Douglas Tono, 7th Dan President and Head Instructor



A Message from Senior Technical Advisor, Rev. Goro Oki

Principles of Judo

Seiryoku Zenyo

Seiryoku Zenyo

This principle really means “turning your opponent’s power to your own benefit”, as well as “using your power the right way.” Over the years, the better-known but not literal translation of “Maximum efficiency, minimum effort” has become most common.

Jita Kyoei

Jita Kyoei

This principle really means “you and I benefit together,” is commonly translated as “mutual benefit and welfare.” These words shine brightly.

Remember, we can be soft and strong. This will yield good judo.

In closing, do not forget the person who gave you his or her learning. You are always living with someone’s ‘on’, or whatever the Great Mind has defined for you in this life.

Also, forget your bad thoughts toward others.

This is what I’d like to say to all of Tohkon’s students.

Oki-Sensei is a native of Japan who learned his skills from the early Judo masters. He is a Tenrikyo minister and Tohkon’s spiritual and inspirational leader. He has practiced judo for over seventy years.

While due to his health he is no longer able to take part in classes, for many years he was an active participant in our junior classes in which he taught his fluid techniques and took breakfalls well into his eighties.



A Brief History of Judo

Judo began as a martial art, a physical and mental discipline, in the year 1882. Founded by Professor Jigoro Kano, he envisioned it as a way of becoming physically and mentally fit through discipline and hard training. It consists of techniques that Dr. Kano learned in his jiu jitsu training and incorporated into his “new” martial art. The school that he founded, the Kodokan, is still in operation today in the Suidobashi neighborhood of Tokyo, Japan.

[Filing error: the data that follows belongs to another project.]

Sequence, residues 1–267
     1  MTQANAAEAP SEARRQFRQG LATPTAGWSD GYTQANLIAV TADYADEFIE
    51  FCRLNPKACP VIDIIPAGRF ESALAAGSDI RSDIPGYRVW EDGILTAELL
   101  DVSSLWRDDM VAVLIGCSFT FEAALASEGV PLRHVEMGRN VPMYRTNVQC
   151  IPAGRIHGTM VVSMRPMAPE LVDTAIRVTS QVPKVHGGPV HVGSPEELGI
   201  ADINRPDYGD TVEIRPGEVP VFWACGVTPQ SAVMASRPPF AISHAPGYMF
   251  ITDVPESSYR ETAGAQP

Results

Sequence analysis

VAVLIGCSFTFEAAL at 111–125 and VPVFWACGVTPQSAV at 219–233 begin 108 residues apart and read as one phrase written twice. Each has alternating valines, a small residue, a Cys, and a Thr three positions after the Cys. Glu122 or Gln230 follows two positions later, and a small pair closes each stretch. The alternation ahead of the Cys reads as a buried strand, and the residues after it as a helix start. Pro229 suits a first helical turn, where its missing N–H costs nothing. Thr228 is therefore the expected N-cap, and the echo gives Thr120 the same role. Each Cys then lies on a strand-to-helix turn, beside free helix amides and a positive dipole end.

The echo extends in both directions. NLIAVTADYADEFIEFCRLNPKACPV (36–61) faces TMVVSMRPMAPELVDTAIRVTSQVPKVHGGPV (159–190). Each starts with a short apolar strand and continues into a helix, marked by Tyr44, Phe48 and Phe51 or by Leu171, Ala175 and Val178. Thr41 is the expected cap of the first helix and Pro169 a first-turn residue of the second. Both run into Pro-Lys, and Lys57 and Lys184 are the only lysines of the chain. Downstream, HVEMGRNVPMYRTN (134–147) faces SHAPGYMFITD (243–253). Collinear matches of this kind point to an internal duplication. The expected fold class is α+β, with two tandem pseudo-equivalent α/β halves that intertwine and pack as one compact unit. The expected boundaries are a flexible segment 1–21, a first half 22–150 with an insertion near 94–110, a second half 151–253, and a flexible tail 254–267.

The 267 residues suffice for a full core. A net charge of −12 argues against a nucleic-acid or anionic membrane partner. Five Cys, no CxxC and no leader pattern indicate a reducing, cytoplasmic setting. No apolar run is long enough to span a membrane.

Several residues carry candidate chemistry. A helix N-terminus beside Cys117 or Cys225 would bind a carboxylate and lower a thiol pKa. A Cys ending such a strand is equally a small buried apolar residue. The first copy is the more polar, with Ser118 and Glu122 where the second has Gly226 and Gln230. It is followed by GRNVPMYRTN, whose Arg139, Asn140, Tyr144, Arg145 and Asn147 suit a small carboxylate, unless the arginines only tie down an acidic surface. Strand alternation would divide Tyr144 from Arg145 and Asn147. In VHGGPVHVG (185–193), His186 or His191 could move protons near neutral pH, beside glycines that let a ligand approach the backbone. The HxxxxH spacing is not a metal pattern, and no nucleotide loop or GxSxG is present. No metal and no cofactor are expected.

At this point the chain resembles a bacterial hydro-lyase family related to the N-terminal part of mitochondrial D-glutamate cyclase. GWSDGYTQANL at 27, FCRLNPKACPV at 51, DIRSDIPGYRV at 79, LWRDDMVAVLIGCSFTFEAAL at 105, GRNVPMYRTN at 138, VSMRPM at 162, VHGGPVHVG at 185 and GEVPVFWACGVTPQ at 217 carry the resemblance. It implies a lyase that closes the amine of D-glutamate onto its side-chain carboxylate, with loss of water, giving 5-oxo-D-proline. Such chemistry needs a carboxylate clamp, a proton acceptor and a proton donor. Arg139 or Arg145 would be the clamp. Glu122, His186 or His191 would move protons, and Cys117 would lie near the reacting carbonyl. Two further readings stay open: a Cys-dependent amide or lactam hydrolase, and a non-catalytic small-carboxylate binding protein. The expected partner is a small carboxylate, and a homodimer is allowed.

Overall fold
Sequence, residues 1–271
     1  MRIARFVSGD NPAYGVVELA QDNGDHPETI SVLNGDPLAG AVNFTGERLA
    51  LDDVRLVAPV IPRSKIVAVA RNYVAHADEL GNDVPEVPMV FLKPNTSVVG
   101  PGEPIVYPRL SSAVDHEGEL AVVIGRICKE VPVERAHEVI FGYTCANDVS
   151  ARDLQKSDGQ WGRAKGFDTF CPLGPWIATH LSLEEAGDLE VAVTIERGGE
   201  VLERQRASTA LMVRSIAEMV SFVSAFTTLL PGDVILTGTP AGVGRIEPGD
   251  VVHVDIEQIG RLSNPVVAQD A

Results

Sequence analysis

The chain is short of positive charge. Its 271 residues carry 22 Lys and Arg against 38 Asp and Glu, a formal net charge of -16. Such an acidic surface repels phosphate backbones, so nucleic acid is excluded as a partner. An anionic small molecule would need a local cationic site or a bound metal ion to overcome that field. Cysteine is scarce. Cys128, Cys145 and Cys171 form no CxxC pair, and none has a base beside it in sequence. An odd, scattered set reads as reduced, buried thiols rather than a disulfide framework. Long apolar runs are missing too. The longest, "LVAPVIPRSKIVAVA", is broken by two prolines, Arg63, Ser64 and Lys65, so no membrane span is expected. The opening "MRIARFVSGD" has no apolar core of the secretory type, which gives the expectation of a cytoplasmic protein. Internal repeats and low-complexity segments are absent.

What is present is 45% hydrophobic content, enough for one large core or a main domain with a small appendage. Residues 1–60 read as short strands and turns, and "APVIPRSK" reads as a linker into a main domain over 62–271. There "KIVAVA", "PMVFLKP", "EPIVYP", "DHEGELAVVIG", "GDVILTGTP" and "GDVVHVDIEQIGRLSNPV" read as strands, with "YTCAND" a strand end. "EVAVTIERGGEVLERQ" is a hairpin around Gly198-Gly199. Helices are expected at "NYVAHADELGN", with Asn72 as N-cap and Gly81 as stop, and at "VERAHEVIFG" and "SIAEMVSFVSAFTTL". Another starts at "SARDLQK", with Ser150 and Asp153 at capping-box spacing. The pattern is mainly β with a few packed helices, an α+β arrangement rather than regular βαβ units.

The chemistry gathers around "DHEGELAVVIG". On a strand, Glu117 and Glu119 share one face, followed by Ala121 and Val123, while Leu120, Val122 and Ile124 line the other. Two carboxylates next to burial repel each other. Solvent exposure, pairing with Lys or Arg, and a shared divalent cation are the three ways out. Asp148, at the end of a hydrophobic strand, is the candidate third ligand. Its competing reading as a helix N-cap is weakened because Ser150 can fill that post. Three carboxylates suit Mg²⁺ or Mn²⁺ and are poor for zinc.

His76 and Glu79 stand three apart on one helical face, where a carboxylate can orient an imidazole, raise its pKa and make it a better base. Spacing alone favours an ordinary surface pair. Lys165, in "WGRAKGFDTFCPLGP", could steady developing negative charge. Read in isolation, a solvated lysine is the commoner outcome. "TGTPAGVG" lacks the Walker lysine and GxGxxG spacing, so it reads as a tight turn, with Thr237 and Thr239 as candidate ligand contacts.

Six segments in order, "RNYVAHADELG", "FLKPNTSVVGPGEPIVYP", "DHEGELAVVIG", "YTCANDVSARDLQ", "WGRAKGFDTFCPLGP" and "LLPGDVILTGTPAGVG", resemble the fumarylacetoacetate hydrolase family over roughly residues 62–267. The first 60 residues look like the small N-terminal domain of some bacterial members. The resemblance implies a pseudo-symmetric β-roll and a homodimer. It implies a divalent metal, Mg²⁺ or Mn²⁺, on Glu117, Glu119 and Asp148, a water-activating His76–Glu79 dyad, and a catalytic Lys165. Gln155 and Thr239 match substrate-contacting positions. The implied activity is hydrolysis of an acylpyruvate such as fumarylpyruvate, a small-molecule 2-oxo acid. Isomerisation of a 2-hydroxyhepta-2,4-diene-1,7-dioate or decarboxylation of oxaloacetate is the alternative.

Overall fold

Men’s judo was first included in the Olympics in Tokyo in 1964 as a demonstration sport. It became an Olympic sport in the next Summer Olympics in 1968. Women’s judo was introduced as a demonstration sport in the 1988 Games and, as before, was formally included in 1992.

Dr. Kano designed judo so that it could be practiced by people of any age. The techniques are designed to be safe for both participants and there is no kicking or striking outside of the kata, or prearranged forms.

Prior to WWII, judo was primarily practiced by first- and second-generation Japanese-Americans (Issei and Nisei) on the West Coast, and was not widely known. In the late 1940’s, however, as Japanese-Americans were released from the internment camps, they spread throughout the U.S. and brought judo with them to the new communities in which they settled.

Additionally, some U.S. military personnel who had been stationed in Japan during the post-war occupation had begun training in judo and, upon their return home, wished to continue practicing.

Chicago was the initial destination for about many Japanese-American Nisei after having been released from the internment camps, and while many returned to the West Coast after the war, many stayed, and in 1950 Chicago became one of the first United States charter members of Kodokan Judo.